The Definition Of Ocean Pollution: Can We Save Our Seas?

Are you trying to learn a little bit more about the huge problem of ocean pollution that affects the world today?

Do you feel like you need to start from the ground up and learn everything you can about this serious issue?

What is the dictionary definition of ocean pollution?

How does this definition relate to the real problem of ocean pollution?

In this article, we’re going to give you a crash course in ocean pollution so you never again have to wonder what it is or what causes it. You’ll know everything you need to know to get started in activism against this type of pollution or to help you get involved in any cleanup efforts you might want to find, too.

You may even find some ways to make a difference in your own home, too, so take your time and look through the facts we have put together for you. Chances are you’re going to learn something useful to help you make a difference in the world around you.

Facts about Ocean Pollution

Ocean pollution is a very severe problem and it’s not something to be taken lightly. This type of pollution is responsible for so much damage around the world, and it is only getting worse. There are a lot of people out there working to reverse and prevent further damage, but there’s still a long way to go, too. Here are some facts to keep in mind when you’re learning about ocean pollution and trying to figure out what you can do to make a difference in the fight against this major worldwide problem, too.

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  • Ocean pollution happens when harmful substances enter ocean water. These substances can include waste, bacteria, viruses, other damaging organisms, chemicals, particles and more. This may also refer to thermal pollution, which raises the temperature of the water in a given location to unsafe levels for that area.
  • Plastic is the most common pollutant in the ocean. Plastic garbage that washes into the ocean begins leeching harmful chemicals into the water almost right away. Unfortunately, even though we know this, we continue to dump plastic into the water anyway, and this causes further harm. There is a lot of plastic present in the ocean as it is, and more and more is being dumped there every day.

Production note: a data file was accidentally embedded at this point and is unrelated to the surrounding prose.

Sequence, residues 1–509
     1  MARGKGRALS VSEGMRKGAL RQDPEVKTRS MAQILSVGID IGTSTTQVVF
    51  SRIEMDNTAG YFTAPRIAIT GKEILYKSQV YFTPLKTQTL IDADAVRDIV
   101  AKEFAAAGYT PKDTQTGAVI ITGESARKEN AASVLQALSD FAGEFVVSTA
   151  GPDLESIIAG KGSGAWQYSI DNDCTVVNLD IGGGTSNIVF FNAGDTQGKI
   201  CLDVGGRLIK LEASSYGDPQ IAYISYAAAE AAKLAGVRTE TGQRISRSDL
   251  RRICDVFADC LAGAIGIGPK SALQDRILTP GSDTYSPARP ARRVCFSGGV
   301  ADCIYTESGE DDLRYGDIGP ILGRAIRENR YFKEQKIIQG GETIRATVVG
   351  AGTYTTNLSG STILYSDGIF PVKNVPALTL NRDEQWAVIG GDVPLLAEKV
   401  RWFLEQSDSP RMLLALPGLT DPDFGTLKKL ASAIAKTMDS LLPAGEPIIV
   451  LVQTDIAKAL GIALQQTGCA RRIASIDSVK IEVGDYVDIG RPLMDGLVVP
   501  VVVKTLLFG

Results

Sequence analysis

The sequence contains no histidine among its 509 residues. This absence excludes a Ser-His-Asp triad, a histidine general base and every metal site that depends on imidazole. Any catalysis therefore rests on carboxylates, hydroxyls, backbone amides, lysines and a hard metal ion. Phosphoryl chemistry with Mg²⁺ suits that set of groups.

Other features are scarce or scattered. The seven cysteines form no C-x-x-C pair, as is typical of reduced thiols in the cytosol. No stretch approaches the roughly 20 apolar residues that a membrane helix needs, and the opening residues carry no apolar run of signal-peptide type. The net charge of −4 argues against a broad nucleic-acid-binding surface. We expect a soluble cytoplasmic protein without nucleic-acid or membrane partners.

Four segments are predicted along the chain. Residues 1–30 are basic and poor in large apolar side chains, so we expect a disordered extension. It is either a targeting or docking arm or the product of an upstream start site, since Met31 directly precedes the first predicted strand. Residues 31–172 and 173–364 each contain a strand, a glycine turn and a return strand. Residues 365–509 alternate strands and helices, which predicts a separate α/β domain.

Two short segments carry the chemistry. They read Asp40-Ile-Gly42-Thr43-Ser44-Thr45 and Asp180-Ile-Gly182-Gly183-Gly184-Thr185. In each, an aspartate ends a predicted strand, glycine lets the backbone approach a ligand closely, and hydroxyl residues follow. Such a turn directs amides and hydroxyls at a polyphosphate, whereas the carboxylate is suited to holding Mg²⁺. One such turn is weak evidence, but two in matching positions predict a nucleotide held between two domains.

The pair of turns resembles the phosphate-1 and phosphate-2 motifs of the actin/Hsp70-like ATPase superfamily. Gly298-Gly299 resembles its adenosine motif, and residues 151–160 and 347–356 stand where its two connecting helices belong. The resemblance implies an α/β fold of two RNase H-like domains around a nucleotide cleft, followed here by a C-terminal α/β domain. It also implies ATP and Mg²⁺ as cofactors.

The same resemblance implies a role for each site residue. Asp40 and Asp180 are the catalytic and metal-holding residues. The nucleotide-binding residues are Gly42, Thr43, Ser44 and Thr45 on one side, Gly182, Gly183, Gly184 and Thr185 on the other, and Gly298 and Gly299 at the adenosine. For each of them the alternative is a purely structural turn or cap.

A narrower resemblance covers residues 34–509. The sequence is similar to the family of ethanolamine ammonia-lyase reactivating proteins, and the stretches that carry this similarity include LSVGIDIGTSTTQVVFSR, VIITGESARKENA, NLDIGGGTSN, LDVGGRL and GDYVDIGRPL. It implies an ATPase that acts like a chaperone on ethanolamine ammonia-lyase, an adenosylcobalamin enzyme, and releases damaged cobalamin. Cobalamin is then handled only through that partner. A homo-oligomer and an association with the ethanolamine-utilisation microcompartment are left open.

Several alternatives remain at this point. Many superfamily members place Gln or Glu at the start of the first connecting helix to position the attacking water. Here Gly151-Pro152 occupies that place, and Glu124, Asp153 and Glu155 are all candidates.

• Waste dumped into the ocean eventually washes up onto beaches. A company may think they’re getting away with something by dumping their wastewater out into the middle of the ocean, but that water has to go somewhere. It’s not just going to stay out there in the middle of nowhere forever. Eventually, it will find its way to beaches where humans are trying to relax, and it may impact economies and residential communities as it builds up there.
  • There is a large deposit of trash in the ocean that is twice as big as Texas. There are many trash deposits floating in the ocean like this, but this one is the largest. It is known as the Great Pacific Garbage Patch or the Pacific Trash Vortex. This “trash island” is trapped in the area due to the currents of the North Pacific Gyre, and so it stays there, drifting in the same location and severely polluting the water with chemicals, plastic, debris, and sludge indefinitely. It is also responsible for spreading invasive species in the area.